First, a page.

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Foreign players reactions show Israel must embrace own athletes – opinion

CM 20/05/2021 9

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As the Israel Basketball League resumed play on Thursday night in northern areas of the country, many teams will have to make do with makeshift rosters to finish off the regular season and head into the playoffs.
Over the course of the past couple of weeks, a good number of foreign players, primarily from the United States, headed back home due to the security situation in the Holy Land.
As the league relies heavily on foreign players, Americans who for the most part come to Israel to play their trade for a season and then depart to the next stop in their hoops careers. Not all, but most of these players very rarely play more than one year in Israel as most teams have to overhaul their imports every single year like a revolving door.
Over the course of the season, a team may also change up its foreigners and some may only end up playing a couple of games before being cut. Just look at Ness Ziona, which flipped three imports this past season in a move that not only saved its campaign – which was off to a 1-5 start – but also allowed the club to win its first European title last month when it captured the FIBA Europe Cup.
Whereas the Israel soccer league uses its import allotment to supplement and hopefully help improve the local players, the basketball teams look at the foreigners in most cases to be the stars of the show. Without the Americans, Maccabi Tel Aviv, Hapoel Holon, Hapoel Jerusalem and other teams would have massive trouble competing in Europe as well as in the domestic league.
The base of Israeli basketball players who can play in the top league is weak and it was made even weaker when the league put a limit on naturalized Israelis. Those are players who immigrated to Israel and became citizens in order to play and in some cases live for the rest of their lives in the country and do not count against the foreigner cap.
When the missiles started coming fast and furious into Israel from the Gaza Strip via Hamas and Islamic terrorists, the import players were frightened and rightfully so. Many received calls, texts messages from their loved ones back home in the United States wanting them to come back home. That is totally understandable and as someone who made Aliyah 17 years ago, my extended family was just as worried.

However, my family has been to Israel many times and also knows and understands the actual situation on the ground, whereas the foreign players’ families do not and digest their news from places like CNN, which usually doesn’t do the Holy Land much justice, if any.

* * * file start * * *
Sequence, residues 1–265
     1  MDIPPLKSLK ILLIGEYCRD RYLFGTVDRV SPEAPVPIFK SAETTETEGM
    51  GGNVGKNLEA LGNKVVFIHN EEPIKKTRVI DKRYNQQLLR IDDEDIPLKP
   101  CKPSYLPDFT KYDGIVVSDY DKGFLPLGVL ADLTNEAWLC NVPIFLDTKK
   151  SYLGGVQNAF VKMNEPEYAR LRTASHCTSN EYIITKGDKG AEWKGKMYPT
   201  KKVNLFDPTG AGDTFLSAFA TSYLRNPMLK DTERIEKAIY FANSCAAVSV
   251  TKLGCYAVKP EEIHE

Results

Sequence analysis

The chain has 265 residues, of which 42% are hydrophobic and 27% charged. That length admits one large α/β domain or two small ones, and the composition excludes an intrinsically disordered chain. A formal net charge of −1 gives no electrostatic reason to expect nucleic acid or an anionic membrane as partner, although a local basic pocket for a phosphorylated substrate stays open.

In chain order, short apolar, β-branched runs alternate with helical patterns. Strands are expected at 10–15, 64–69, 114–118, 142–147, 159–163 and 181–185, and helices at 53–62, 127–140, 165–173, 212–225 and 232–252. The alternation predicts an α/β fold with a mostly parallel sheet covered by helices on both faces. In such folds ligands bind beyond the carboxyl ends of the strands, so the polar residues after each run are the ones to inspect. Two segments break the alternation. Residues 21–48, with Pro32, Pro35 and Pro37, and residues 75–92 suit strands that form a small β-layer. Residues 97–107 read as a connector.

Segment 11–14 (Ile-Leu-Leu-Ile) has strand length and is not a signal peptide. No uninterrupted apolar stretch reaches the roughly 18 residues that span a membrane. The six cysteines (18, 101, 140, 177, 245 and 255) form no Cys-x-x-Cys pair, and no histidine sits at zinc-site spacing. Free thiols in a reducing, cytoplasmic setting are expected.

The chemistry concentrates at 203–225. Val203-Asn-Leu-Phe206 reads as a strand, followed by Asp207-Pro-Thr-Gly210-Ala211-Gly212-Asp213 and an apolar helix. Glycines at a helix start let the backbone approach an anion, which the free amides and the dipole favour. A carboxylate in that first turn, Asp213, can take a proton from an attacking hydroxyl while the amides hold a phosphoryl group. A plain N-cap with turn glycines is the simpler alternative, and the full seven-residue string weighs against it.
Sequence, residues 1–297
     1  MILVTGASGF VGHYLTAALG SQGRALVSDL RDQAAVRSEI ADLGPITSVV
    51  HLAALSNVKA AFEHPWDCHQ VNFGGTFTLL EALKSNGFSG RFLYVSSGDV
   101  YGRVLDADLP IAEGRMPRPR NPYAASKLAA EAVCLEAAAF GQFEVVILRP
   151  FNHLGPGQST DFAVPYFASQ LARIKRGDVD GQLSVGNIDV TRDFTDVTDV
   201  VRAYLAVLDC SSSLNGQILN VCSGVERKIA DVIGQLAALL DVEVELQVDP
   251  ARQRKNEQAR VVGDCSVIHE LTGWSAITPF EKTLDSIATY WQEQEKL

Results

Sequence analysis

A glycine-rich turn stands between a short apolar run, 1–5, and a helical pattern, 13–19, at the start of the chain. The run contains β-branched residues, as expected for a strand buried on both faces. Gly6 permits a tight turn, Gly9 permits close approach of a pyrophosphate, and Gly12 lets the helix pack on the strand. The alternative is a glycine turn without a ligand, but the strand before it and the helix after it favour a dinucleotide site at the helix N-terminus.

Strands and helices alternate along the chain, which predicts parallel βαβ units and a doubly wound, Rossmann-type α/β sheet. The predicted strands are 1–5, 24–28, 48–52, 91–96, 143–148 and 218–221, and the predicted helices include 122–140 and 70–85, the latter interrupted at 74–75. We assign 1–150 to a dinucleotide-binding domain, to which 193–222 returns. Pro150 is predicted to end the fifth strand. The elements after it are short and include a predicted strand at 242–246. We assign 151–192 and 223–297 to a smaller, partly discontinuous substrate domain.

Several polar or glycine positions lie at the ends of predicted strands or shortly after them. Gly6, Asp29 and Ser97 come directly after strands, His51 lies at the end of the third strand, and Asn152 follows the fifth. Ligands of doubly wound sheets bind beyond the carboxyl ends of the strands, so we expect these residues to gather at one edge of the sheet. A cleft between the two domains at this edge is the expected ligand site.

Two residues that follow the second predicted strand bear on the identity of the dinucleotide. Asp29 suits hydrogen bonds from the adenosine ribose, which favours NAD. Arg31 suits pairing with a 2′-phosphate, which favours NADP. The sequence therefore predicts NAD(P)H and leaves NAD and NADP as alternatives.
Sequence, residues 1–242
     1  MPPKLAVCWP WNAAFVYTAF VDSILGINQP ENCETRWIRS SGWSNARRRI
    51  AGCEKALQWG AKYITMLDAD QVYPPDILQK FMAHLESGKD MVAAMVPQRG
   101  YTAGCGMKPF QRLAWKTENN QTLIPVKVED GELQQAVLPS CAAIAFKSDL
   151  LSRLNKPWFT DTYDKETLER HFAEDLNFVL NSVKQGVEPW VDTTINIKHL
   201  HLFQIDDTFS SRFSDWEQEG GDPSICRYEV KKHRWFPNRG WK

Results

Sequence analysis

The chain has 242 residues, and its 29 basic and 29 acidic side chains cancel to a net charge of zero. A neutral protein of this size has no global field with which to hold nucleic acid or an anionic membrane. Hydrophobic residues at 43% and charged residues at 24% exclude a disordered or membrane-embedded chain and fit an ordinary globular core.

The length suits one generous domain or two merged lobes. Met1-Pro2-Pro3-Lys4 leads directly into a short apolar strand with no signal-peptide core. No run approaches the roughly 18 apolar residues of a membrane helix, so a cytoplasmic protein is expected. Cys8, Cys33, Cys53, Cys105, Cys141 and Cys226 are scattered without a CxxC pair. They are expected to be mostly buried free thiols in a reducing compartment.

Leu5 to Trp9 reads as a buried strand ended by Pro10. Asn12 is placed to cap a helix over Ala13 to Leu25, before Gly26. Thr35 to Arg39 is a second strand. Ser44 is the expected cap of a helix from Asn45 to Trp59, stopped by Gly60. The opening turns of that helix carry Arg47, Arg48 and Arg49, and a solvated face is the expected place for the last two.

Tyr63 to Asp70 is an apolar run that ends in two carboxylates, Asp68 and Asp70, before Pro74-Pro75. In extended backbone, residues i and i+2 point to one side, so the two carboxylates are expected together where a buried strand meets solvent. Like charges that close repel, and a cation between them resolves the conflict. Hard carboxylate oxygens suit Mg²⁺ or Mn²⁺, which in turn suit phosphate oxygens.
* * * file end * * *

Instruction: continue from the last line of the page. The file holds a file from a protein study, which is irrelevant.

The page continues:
Hearing air raid sirens is definitely not fun, to say the least, and when missiles are landing in Tel Aviv, Ramat Gan and Holon, it can make for a very harrowing situation. There’s no doubt that this is not something that the foreign players expected, but any time you sign a contract to play in Israel, this can be the unfortunate reality of living here.
Imports have been the lifeblood of the league for decades and while they are appreciated and in many cases loved by the fans, there must be a movement to continue to train more and more native Israelis and naturalized Israelis to play in the league and become those who can be counted on through thick and thin.
Some foreign players began publishing posts across social media stating that the league should be cancelled immediately. These messages rang very, very hollow.
What was most shocking to me was that there was not one mention from the players of Israel, their home away from home over the past season plus. This was very sad to see.
It’s not their fight to fight. But there is also a concept called “Hakarat Hatov” – gratitude and thanks – and there seemed to be very little of that.
The import players that remain should be acknowledged and thanked. The league must go on despite the imports who have left and will leave. This is our league – our Israeli league. It won’t be a perfect ending; indeed, it will be far from it with many teams having makeshift rosters, but we must end it on the court instead of off of it.
No one is expecting the imports to be at the forefront of this battle and neither should they be. But let this be a lesson to the teams.
Keep working on developing the youth – Yam Madar, Noam Dovrat, Tamir Blatt, Iftach Ziv, Yovel Zoosman and Deni Avdija are just a few of the native Israelis who were developed and shone from the local system.
Keep working hard on finding quality Jewish players from the Diaspora – such as Spencer Weisz, Frederic Bourdillon, John Dibartolomeo, Willy Workman and Ben Eisenhardt, who should all be treated as equals just as their fellow Israelis.
That is where the real future of Israeli basketball lies.
Joshua Halickman, the Sports Rabbi, covers Israeli sports and organizes Israel sports adventures for tourists and residents (www.sportsrabbi.com). Follow the Sports Rabbi on Twitter @thesportsrabbi or feel free to contact the Sports Rabbi at sportsrabbi9@gmail.com.

Source: Jerusalem Post

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